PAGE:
In August we learned that photographer Tyler Mitchell's groundbreaking portrait of Beyonce Knowles — one of several Mitchell created with the music star for American Vogue's September issue last year — would be going to the Smithsonian's National Portrait Gallery in Washington, D.C. When the photograph appeared, Mitchell became the first African-American photographer and one of the youngest to shoot a cover for Vogue. The media was nearly as ecstatic as the museum about the acquisition.


6. Geoffrey Hiller Stokes The Art of Recovery in Portland

What does recovery look like? That is the question at the center of a project organized by documentary photographer Geoffrey Hiller in his hometown of Portland, Oregon. In 2018, Hiller, who has photographed extensively in Myanmar and elsewhere around the world and also founded the Verve photojournalism website, attended a U.S. government-sponsored conference focusing on the opioid crisis. With grant money from the conference, he launched a photo workshop in Portland for people in recovery. "They really got into it, and you could see their self-confidence grow," he told us in July.


7. To The Moon and Back, a History in Photographs

At 6:45 am on July 24, 1969, the astronauts of Apollo 11 — Neil Armstrong, Edwin "Buzz" Aldrin, and Michael Collins — awoke and began preparing for the final phase of their historic moon mission. Hours later the trio splashed down in the Pacific Ocean some 950 miles southwest of Honolulu, Hawaii. The world greeted them as heroes, but in many ways what came after — for the astronauts and for NASA — was an afterthought. Fifty years later, we noted, America and the rest of the world was retelling their story in words and pictures that brought history alive.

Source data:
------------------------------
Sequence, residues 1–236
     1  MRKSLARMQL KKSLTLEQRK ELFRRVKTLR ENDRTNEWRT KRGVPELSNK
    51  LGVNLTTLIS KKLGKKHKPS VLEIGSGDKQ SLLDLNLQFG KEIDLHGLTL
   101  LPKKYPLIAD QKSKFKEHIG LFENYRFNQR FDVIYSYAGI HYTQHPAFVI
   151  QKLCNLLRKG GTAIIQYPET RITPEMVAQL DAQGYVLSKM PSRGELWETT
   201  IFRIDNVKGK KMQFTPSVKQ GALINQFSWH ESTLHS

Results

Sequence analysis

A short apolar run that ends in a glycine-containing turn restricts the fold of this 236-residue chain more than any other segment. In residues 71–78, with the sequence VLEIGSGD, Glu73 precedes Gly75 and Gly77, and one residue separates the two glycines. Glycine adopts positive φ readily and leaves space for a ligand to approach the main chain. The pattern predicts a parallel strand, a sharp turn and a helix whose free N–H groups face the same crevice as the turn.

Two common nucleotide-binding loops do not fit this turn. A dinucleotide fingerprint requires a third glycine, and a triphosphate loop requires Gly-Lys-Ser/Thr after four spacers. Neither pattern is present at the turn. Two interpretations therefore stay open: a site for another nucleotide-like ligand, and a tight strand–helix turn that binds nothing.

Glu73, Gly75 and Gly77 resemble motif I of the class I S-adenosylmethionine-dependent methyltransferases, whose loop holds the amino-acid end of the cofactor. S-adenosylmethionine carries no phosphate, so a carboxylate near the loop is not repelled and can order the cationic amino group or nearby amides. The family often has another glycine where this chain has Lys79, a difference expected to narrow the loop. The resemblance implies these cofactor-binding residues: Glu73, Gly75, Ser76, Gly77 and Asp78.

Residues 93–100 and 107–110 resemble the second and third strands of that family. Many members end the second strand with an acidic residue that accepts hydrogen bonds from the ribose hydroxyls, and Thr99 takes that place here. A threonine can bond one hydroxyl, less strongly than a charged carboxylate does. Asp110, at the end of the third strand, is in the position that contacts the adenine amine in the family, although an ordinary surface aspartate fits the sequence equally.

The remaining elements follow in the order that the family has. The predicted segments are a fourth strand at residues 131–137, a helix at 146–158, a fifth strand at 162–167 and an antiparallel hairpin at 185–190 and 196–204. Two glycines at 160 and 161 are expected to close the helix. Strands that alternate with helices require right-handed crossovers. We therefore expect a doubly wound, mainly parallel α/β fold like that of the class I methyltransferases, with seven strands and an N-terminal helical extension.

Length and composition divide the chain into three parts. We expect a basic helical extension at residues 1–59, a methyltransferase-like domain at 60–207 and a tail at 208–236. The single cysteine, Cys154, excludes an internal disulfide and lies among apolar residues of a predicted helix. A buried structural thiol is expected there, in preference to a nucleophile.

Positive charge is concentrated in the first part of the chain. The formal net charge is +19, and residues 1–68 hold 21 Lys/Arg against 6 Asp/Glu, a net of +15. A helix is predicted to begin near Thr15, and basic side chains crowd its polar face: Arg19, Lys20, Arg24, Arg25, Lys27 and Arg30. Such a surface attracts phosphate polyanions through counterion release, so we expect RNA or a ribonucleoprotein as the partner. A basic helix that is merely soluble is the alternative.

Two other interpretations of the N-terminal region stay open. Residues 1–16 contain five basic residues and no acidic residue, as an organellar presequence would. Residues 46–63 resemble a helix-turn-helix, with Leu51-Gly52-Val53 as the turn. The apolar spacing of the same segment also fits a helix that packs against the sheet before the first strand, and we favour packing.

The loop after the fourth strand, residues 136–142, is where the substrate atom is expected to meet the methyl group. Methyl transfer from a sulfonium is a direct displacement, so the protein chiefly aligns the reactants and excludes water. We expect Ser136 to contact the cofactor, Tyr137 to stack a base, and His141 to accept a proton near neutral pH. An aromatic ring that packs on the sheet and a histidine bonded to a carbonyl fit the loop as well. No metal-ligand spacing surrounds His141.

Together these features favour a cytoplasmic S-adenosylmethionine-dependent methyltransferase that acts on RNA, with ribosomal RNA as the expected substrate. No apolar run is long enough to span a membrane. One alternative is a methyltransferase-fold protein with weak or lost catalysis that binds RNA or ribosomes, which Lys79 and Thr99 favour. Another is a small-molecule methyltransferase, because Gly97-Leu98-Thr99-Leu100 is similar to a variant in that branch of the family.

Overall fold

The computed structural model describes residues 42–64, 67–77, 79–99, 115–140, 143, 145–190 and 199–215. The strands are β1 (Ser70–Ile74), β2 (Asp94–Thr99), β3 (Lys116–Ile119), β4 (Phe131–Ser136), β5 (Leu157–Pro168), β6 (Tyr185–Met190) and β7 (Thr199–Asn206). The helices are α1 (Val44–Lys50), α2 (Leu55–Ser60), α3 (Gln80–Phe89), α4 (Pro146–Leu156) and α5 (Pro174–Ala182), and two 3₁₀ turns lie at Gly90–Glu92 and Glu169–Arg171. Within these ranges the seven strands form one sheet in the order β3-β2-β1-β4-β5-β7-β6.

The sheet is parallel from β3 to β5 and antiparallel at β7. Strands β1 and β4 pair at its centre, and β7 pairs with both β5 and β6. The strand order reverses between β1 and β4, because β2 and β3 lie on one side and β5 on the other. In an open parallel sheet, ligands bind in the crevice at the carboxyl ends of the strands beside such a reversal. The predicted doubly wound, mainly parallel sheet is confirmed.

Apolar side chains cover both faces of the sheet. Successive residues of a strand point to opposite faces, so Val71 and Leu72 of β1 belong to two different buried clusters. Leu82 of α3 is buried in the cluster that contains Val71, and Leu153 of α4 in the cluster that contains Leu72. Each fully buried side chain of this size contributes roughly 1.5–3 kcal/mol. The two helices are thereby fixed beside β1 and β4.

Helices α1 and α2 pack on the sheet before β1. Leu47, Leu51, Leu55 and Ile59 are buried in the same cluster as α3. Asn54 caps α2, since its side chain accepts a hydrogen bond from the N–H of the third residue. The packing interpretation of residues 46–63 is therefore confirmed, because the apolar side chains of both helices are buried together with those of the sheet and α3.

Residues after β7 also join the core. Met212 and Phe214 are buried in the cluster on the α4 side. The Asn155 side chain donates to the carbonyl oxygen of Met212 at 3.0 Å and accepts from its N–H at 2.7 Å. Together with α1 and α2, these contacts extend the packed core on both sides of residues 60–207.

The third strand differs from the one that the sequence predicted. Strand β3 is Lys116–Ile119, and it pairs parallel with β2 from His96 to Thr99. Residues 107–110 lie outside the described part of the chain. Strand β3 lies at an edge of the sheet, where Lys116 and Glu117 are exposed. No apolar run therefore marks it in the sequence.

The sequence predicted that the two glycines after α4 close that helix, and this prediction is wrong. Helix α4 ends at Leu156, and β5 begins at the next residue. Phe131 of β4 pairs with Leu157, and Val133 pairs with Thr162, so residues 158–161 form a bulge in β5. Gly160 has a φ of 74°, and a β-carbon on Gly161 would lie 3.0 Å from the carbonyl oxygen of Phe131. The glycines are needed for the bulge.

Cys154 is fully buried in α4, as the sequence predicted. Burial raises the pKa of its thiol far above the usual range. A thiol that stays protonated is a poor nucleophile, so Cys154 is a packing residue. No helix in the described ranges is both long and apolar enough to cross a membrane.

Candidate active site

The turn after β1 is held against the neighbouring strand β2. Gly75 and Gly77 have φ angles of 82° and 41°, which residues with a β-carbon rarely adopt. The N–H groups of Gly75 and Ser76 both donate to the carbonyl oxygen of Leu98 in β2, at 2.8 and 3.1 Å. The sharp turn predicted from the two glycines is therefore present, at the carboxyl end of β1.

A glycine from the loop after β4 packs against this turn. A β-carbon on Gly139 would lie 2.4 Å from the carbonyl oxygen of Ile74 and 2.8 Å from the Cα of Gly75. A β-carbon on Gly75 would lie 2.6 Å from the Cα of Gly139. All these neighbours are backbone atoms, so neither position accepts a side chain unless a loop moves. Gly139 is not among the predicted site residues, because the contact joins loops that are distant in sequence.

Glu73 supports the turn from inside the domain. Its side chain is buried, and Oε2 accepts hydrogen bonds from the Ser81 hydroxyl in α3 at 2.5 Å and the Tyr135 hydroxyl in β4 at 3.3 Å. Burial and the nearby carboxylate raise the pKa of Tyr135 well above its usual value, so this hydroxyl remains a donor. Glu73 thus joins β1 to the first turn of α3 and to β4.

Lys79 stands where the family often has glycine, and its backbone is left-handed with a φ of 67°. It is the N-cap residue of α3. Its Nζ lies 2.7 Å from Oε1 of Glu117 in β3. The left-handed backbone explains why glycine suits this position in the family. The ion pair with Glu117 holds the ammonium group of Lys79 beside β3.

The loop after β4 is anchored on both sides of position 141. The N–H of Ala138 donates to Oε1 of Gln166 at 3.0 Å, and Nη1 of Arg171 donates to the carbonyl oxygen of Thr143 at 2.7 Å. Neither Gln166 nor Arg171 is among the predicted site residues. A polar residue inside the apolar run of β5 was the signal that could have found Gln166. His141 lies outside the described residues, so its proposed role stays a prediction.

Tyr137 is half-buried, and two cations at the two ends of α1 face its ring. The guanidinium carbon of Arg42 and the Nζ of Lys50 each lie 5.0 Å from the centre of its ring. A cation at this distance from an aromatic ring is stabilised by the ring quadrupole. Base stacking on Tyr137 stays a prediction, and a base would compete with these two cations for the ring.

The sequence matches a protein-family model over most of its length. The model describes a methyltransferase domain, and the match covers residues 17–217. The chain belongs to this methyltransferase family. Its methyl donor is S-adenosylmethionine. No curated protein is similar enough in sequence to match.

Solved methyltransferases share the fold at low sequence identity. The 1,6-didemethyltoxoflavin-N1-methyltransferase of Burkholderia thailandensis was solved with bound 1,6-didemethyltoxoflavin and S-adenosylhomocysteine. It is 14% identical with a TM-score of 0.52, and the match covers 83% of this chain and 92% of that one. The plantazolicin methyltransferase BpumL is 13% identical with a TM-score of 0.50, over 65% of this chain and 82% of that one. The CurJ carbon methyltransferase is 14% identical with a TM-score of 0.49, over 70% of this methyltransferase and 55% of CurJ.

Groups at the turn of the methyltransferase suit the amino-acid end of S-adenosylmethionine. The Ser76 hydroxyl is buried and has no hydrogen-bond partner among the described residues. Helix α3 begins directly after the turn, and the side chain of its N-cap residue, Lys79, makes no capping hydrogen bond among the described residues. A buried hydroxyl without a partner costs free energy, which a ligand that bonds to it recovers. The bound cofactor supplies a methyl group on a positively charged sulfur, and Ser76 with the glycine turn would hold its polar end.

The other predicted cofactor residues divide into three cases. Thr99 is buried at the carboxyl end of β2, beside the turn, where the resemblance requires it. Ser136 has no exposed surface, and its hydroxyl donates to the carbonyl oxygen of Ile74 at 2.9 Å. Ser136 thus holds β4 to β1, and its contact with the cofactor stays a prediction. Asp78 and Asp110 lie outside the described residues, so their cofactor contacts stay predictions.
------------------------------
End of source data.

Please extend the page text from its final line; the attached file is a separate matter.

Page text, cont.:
8. Paula Bronstein Examines the Vulnerable Elderly of Ukraine

Photojournalist Paula Bronstein spent 15 years covering the war in Afghanistan, documenting both tranquil moments of everyday life in the country along with shocking views of the dead and injured, the stricken and the desperate. Her newest project, "Elderly Lives Frozen By Conflict: Ukraine'a War," does the same, we noted in July. The country's conflict with Russia, which has dragged on for over five years and claimed 13,000 lives, has left its vulnerable, older population "impoverished, and abandoned to survive in dilapidated homes," Bronstein noted in her artist's statement.


9. Chester Higgins Captures the Spirit of the Nile River

Photographer Chester Higgins sees the Nile — the longest river in the world — as a cord connecting past and present. For the past four decades, Higgins, a staff photographer for the New York Times from 1974 to 2014 and an esteemed figure in the New York photography world, he has been documenting Blue Nile cultures and seeking connections between the ancient people who made up the empires of Aksum (modern Ethiopia), Kush (Sudan) and Kemet (Egypt)." In July he told us that his project "River Spirit” is the story of humanity's journey of “sacred imagination.”


10. Daniel Ramos Captures the "Muy Hermosa" of Northern Mexico


Donald Trump warned Americans of "bad hombres" from Mexico. And, we noted in July, photographer Daniel Ramos went looking for them. Ramos, who grew up in a Mexican-American neighborhood of Chicago, spent summers near Monterrey, Mexico, with his grandmother. In 2012, he moved to Monterrey, and while there he began a project titled "Eres Muy Hermosa," a series of portraits of the working-class people of Northern Mexico. "They are what many imagine a bad hombre looks like," he says. "But things are not always what they seem." The work was a winner of the Latin American Fotografia 7 contest.